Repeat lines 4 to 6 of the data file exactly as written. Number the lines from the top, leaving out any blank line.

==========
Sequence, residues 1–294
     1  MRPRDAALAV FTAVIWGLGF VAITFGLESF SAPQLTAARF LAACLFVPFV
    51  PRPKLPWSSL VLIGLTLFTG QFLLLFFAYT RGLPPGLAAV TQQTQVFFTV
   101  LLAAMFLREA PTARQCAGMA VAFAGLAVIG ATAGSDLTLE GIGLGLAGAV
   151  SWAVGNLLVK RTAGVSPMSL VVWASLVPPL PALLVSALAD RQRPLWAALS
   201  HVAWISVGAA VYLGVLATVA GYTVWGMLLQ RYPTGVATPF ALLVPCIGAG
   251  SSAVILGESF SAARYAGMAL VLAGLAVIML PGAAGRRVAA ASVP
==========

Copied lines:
   101  LLAAMFLREA PTARQCAGMA VAFAGLAVIG ATAGSDLTLE GIGLGLAGAV
   151  SWAVGNLLVK RTAGVSPMSL VVWASLVPPL PALLVSALAD RQRPLWAALS
   201  HVAWISVGAA VYLGVLATVA GYTVWGMLLQ RYPTGVATPF ALLVPCIGAG